Ever since the Switch launched, it feels like we’ve been hearing rumors about an incoming Switch Pro model. Early on, those rumors were often paired with reports of a less-expensive, handheld-only Switch model, which eventually materialized with the reveal of the Switch Lite, leading some to believe that a Switch Pro announcement was just a matter of time. Today, Nintendo officially revealed the Nintendo Switch (OLED model), and while it may not have everything that was rumored for the Switch Pro, it does have several sizable upgrades in tow.

The biggest upgrade comes in the display. Nintendo Switch (OLED model) comes with a 7-inch OLED display, which is slightly bigger than the standard Switch’s 6.2-inch LCD. Nintendo promises “vivid colors and crisp contrast when you play on-the-go,” with the Switch OLED, so if one of your complaints about the standard Switch is display quality in handheld mode, this new model might solve those issues.

The Switch (OLED model) will also come with a more robust kickstand. While the kickstand on the back of the standard Switch can feel undersized for the device it’s meant to support, the Switch OLED’s kickstand spans the entire device. In addition, the Switch OLED’s kickstand can also be adjusted for multiple viewing angles. If you play in handheld mode frequently, all of this is probably music to your ears.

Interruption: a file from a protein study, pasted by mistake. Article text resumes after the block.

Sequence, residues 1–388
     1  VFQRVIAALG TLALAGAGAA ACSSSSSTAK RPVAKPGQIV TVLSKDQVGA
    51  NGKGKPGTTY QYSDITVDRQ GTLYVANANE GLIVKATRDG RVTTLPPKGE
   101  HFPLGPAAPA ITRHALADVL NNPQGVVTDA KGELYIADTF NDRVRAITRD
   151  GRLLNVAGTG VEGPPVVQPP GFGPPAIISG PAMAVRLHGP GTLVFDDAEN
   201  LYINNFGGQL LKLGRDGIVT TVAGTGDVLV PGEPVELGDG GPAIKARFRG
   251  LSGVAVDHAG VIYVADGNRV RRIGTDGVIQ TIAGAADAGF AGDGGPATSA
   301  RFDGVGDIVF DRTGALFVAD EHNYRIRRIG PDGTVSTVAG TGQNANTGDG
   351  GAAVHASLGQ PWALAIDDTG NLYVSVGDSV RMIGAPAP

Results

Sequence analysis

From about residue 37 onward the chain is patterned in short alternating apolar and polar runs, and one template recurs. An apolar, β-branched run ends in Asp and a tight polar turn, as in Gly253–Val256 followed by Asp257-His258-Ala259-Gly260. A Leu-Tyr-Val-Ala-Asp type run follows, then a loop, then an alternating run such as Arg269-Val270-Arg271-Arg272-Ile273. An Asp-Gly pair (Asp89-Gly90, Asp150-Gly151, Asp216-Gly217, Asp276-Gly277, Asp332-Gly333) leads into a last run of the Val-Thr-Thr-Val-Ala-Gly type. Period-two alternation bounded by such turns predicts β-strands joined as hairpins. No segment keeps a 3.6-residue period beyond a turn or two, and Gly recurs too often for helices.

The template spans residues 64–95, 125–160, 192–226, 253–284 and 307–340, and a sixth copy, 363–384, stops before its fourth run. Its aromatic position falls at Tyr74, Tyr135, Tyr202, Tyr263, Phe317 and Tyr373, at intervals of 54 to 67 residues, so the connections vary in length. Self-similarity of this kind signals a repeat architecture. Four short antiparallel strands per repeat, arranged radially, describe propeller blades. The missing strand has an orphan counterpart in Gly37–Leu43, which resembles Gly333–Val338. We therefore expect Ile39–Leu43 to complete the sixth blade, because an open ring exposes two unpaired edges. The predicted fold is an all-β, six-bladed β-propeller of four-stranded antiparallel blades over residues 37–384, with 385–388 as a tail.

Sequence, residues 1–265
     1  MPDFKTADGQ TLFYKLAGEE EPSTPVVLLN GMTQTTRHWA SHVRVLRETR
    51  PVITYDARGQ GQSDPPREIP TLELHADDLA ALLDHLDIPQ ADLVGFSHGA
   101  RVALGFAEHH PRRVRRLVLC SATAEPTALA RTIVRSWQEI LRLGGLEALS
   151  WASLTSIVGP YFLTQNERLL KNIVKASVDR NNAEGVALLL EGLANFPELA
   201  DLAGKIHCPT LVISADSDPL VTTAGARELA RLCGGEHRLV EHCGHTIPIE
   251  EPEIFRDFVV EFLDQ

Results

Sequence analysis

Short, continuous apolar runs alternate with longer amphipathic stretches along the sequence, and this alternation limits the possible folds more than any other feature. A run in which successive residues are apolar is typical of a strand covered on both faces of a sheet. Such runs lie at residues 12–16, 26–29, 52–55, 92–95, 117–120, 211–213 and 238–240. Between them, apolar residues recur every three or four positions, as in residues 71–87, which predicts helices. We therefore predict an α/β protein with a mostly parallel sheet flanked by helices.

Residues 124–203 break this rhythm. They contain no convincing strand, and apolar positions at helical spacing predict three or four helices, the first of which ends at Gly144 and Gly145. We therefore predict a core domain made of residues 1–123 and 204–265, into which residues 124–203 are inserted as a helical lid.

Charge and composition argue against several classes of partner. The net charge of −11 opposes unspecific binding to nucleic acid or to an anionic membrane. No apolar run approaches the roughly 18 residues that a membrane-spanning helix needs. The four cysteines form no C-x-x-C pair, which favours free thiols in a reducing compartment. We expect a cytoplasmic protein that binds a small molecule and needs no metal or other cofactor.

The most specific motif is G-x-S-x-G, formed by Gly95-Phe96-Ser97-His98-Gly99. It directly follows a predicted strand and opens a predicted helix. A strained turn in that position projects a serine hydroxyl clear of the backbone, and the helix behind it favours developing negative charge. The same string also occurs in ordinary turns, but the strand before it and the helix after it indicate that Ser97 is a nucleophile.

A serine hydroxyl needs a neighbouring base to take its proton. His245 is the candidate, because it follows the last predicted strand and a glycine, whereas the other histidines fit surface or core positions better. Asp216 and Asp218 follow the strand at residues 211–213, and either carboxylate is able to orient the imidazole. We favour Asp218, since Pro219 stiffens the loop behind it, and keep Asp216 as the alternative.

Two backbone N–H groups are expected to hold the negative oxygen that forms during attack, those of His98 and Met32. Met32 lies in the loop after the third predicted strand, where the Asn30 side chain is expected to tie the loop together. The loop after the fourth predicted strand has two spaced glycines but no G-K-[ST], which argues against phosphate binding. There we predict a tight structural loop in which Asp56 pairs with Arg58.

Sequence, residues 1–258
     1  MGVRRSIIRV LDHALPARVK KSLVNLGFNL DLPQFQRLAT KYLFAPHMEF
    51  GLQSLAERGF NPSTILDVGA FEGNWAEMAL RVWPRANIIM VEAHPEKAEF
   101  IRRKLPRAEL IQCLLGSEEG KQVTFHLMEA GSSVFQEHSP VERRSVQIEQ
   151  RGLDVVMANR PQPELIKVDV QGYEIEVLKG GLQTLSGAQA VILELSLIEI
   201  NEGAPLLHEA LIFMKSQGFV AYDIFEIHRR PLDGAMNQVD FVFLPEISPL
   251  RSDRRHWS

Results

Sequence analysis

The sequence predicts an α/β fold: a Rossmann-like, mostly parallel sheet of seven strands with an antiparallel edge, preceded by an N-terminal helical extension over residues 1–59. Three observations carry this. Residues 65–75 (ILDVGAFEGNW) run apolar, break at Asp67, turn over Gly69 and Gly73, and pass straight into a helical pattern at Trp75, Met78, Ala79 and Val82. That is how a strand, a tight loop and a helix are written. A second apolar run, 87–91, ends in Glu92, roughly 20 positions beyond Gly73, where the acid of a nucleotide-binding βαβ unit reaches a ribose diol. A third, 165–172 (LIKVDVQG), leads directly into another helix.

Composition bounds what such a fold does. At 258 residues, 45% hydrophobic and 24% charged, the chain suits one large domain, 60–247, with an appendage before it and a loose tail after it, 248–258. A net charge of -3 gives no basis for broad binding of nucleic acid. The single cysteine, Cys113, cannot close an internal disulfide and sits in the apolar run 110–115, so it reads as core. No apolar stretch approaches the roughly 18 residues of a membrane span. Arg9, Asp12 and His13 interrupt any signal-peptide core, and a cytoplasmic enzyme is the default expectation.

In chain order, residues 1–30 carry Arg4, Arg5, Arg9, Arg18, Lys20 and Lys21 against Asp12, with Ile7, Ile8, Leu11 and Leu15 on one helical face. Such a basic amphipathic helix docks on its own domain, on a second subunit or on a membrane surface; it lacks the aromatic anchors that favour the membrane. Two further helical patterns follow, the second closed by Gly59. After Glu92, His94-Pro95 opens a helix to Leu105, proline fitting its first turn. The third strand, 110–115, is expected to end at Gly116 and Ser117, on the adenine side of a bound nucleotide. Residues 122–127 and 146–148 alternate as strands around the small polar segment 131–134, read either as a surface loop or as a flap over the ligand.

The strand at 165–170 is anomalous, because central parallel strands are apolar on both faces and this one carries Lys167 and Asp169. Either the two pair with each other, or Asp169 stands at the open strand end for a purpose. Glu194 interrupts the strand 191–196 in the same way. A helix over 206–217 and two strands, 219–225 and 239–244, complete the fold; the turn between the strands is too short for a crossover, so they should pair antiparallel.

The new Switch comes with a redesigned dock that not only looks different from its predecessor but comes with some extra functionality as well in the form of a built-in LAN port. Those with a standard Switch have to use a USB LAN adapter if they want a wired connection, so to have a built-in LAN port right on the dock is a big improvement. Nintendo Switch (OLED model) will come with 64GB of internal storage (compared to the 32GB we get with the standard Switch) along with improved speakers that will deliver enhanced audio, according to Nintendo.

Nintendo says that all existing Switch games and Joy-Cons will work with the Switch (OLED model), so we don’t have to worry about compatibility issues on that front. However, one big question is whether or not the OLED model is compatible with the standard Switch dock or if it needs the new dock to play on a TV. We’ve asked Nintendo for clarification on the matter and will update this article if we hear back.